Here I prefer a practical middle-ground: something terse enough to be intelligible to someone who hasn’t read the book. For me this means bullet-points with complete sentences. Book notes should be a reduction of the source material, but I want my notes to be legible and comprehensible whether I am reading the notes days after writing them or five years after the fact. If I make my notes intelligible enough for others, I’m effectively making them intelligible enough for myself years later when I’ve completely forgotten the contents of the underlying book.

Verbatim Quotes vs. Paraphrasing

Another choice, related to the prose style, is whether to use exact quotes from the source or paraphrase the ideas form the book. There are strong advantages to each approach. Direct quotations offer the benefit of the message straight from the author’s mouth. Furthermore, quotes can be easily referenced if you are working with a digital copy of your book or searching online for supplemental materials. Paraphrasing, on the other hand, might lack the fidelity of copying direct quotes but excels as far as our own individual comprehension and understanding are concerned. Paraphrasing requires active engagement from the reader and may help with learning. The obvious downside of paraphrasing is that it involves greater interpretive input form the reader which may alter the author’s original intent more than a direct quote.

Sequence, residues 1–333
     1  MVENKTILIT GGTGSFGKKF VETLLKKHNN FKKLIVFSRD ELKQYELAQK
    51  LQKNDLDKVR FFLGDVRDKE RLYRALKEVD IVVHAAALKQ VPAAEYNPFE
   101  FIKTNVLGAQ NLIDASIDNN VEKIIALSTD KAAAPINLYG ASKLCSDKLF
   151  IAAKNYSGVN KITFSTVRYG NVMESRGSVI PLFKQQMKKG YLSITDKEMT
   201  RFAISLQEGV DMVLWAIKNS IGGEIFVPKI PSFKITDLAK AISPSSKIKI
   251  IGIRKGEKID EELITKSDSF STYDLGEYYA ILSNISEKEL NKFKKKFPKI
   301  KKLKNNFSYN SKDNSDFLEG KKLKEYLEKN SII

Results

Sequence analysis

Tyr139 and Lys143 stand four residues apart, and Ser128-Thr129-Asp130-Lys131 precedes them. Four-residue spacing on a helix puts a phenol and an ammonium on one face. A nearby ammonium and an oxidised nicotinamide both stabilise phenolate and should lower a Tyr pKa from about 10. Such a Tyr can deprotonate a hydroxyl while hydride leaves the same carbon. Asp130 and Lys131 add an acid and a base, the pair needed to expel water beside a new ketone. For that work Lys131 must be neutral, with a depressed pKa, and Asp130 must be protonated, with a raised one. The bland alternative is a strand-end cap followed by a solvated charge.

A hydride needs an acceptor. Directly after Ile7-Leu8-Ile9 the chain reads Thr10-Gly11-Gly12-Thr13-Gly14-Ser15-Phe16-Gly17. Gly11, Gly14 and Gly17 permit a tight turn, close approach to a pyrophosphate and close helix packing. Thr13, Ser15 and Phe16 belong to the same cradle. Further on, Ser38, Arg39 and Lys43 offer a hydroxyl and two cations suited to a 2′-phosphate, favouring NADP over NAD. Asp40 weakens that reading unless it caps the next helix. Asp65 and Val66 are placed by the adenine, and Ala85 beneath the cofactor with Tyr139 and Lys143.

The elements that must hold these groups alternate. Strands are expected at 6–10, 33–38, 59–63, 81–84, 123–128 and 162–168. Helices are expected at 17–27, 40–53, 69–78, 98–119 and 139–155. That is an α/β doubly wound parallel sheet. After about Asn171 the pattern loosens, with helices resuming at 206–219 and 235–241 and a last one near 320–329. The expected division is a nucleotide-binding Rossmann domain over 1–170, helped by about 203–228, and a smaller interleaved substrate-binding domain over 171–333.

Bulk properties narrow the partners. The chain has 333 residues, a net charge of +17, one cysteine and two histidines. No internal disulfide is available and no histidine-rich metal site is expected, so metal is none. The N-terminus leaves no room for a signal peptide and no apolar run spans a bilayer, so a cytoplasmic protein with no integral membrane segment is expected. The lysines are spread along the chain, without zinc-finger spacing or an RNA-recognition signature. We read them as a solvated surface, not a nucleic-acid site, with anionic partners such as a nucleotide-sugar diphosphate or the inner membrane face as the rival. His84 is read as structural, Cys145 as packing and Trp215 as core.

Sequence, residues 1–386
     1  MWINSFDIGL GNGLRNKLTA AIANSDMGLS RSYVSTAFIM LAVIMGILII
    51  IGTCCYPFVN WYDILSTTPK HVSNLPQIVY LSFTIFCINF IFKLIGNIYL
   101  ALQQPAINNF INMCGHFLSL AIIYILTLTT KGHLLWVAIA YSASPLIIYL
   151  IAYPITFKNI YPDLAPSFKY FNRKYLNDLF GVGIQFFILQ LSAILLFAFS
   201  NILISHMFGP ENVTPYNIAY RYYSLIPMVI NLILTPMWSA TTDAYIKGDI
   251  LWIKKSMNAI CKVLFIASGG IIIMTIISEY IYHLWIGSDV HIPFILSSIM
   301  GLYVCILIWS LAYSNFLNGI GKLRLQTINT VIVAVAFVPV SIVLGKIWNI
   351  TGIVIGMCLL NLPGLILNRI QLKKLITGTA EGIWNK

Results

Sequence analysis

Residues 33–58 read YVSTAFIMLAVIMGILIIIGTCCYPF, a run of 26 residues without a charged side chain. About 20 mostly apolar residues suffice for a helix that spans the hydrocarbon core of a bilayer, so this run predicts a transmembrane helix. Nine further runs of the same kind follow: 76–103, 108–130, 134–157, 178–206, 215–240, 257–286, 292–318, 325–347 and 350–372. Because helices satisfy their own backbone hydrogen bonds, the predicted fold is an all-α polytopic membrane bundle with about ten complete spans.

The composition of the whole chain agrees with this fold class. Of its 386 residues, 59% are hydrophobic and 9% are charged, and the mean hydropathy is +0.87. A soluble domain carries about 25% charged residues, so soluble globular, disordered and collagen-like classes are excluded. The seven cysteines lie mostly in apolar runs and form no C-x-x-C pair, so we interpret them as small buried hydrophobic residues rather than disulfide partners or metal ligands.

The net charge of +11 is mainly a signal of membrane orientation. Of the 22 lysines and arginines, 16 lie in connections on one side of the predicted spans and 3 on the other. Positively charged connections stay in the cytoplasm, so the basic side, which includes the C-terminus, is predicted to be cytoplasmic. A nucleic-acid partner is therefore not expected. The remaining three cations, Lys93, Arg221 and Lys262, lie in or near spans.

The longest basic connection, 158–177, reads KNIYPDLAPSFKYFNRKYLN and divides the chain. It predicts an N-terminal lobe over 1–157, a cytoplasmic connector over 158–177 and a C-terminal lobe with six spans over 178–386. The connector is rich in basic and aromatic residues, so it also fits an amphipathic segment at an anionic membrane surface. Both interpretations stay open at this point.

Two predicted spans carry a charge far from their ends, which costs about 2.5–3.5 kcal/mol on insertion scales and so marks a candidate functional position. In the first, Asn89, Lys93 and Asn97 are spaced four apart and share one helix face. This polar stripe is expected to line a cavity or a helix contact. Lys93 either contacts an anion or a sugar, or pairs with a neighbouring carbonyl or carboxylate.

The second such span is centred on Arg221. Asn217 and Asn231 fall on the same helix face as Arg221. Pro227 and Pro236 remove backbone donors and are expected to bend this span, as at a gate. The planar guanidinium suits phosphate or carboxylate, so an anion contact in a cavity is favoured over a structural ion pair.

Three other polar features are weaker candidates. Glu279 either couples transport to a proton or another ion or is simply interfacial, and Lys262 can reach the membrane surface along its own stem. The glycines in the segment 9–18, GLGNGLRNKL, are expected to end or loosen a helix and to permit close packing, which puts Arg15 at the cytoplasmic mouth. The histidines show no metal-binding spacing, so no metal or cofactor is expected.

I think a hybrid style works best. I like a mix of quotes and paraphrasing; there’s no reason you can’t combine the two effectively.

Subjective vs. Objective Tone

Lastly there is the issue of tone. More specifically: how much opinion and subjectivity will you impart into your notes?

Some book summaries read more like book reviews where the voice of the reader figures prominently into the article. The opposite end of the spectrum is the objective voice that attempts to recount the author’s ideas with as little input or commentary as possible.

Here the most reasonable solution is to do both but keep them compartmentalized. In the introductory section for my book notes I include my opinion on the quality of the book and a brief summary of the main ideas. I’ll note the good aspects of the book as well as the bad and will include a “verdict” that scores the book on a scale from 1-10.

The main section of my notes are a comprehensive outline for the book. I try to avoid injecting my opinion into these notes as much as possible. Remember: my goal is to provide myself with a reference. I want to be able to come back at a later date and get a sense of what the author was saying. If I must inject my opinion into the book (and sometimes I just can’t keep my mouth shut because I object to a point so strongly), I will place my personal comments in square brackets.

I’m certain my thinking on this topic will change and evolve as I continue to learn more about this habit. The value of book notes is not from reading someone else’s summary of a book and distilling its ideas (though that can be useful too). The value of book notes is for you the reader to record and think about the concepts from the book that impacts you the most.

If you are interested in seeing some of the book notes I have posted on Mental Pivot so far, visit my archive of book notes.